As I sat in the darkened theatre, watching the SATC gang cavort on the big screen again, wearing completely nonsensical outfits (I don’t care what the so-called Fashion Experts say, the clothes that Sarah Jessica Parker wears as Carrie Bradshaw look like the dog’s breakfast) and spouting mostly unfunny dialogue (a joke about Charlotte’s camel toe right after she falls off a camel? Really?), I had to curb an urge to hurl my cupcake at someone/something. (Yes, movie reviewers sometimes get cupcakes. Be jealous.)
So, yes, I am not even going to front – this movie actually actively pissed me off. Lest I be accused of being a snobby wench who clearly doesn’t “understand” what the fans of the SATC franchise really want from their movie-going experience, let me assure you that my righteous and glorious anger is actually on behalf of those loyal fans. Indeed, for a movie ostensibly about female bonding and empowerment, it really did bring out my Raging Feminist Bitch side more than any overtly sexist film ever could.
Let’s get into it, shall we? The film opens with an unintentionally depressing gay wedding scene (seriously, the dance routine in the middle of it all made me want to cut myself), then not too long after that, the “girls” leave New York City on a luxurious, all-expenses paid vacay to the “new” Middle East (aka Abu Dhabi), courtesy of Samantha’s PR connections (side note: Kim Cattrall’s chin-lift is genuinely traumatizing).
It is easy to see why writer-director Michael Patrick King decided to move the main action to Abu Dhabi - he needed an exotic place that not many members of the audience have visited in real life. Reality is such a bummer these days, after all, and since King is clearly a sexist piggy who obviously loathes his mostly-female audience (down, feminist beotch, down), he sees nothing wrong with fully indulging their alleged need for extreme escapism. The level of materialism on display throughout this part of the movie is so over-the-top, I bet dollars to donuts that even the most shoe-obsessed ninnies in the crowd will feel slightly uncomfortable. It truly does give one the “no” feeling to watch Carrie and co. awkwardly interact with the personal butlers who come with the private suite in the exotic resort where they are staying – you can almost literally see the characters (or perhaps the actresses?) squirm under the weight of their white (wo)man’s burden.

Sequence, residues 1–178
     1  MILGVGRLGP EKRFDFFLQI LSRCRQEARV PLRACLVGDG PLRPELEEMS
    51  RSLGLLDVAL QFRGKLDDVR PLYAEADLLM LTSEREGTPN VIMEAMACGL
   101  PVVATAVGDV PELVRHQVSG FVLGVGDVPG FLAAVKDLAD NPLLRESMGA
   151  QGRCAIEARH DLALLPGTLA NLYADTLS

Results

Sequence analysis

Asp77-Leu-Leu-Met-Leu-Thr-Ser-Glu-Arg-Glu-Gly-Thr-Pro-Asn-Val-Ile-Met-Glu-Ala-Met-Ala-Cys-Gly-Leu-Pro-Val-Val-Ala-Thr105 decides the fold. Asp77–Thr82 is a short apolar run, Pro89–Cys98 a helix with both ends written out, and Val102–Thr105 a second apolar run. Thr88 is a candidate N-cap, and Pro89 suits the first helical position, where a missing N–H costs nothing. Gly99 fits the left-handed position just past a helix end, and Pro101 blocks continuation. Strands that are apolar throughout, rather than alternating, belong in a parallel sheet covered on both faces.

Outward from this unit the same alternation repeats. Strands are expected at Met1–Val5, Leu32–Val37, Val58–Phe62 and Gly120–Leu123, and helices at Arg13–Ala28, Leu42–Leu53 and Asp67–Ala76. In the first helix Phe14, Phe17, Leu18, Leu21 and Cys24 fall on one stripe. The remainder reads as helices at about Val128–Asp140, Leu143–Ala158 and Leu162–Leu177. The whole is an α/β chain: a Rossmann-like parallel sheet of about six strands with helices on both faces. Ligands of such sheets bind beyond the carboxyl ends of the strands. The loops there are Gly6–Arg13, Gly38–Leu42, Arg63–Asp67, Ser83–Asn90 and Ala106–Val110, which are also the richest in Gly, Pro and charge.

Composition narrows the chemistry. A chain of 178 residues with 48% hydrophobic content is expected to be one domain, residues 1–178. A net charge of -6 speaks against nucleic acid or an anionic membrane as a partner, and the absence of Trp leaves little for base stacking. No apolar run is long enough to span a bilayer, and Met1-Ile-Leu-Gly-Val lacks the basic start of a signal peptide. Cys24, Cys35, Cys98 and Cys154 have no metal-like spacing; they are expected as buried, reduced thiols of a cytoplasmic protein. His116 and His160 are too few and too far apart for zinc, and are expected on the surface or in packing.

In fact, this movie takes on heavy-weight topics like race, gender, money, class, aging, marriage, infidelity, child-rearing, international politics plus, of course, sex - and pretty much makes a mockery of it all. Now, it is clear that King and the studio executives were worried about just such a criticism, and they certainly make a lot of ham-fisted attempts at warding off the uppity critics, but it just adds insult to injury. For example, at one point, Carrie mentions that she kept her old apartment even though she and Big (Chris Noth) are obviously now living kind-of happily ever after in their new abode. Why would she do that, you ask? Well, mostly to give the film-makers an opportunity play into the nostalgia fans are supposed to feel when Carrie visits her old apartment, but also as a very insulting nod to the real estate woes brought on by the economic crisis, since, as Carrie says, “these last two years were obviously not a great time to sell an apartment in New York City.” The nefarious message underlying this apparent concession to tough times is that Carrie and Big looked at the state of NYC real estate and thought “Eff it, might as well keep two places because the economy sucks so badly and of course we can do that because we’re still so rich and you aren’t, wheeee!”
The real question is: why even bother bringing these heavy topics up if you’re not going to treat them with any kind of respect? (R-E-S-P-E-C-T, find out what it means to me). Why not just make an escapist, fluff-filled flick and leave it at that? Oh, I forgot – it’s because the TV show and the movies aren’t supposed to be just about the shoes and clothes, they are supposed to be edgy and empowering by virtue of giving voice to the supposedly unspoken realities of women’s lives, and by privileging female friendship above all else. SATC is supposed to have meaning and look fabulous at the same time, dang it!
In the end, though, this movie doesn’t do either thing well at all – it fails us as pure entertainment by pretending it’s more meaningful than your average chick flick and it most certainly fails us in a whole host of other ways, not the least of which is that it condescends to the audience repeatedly. But whatever, it’s mostly the fairer sex who will watch it, and we gals will apparently swallow just about anything in the name of a good time and/or to hold onto our glory days.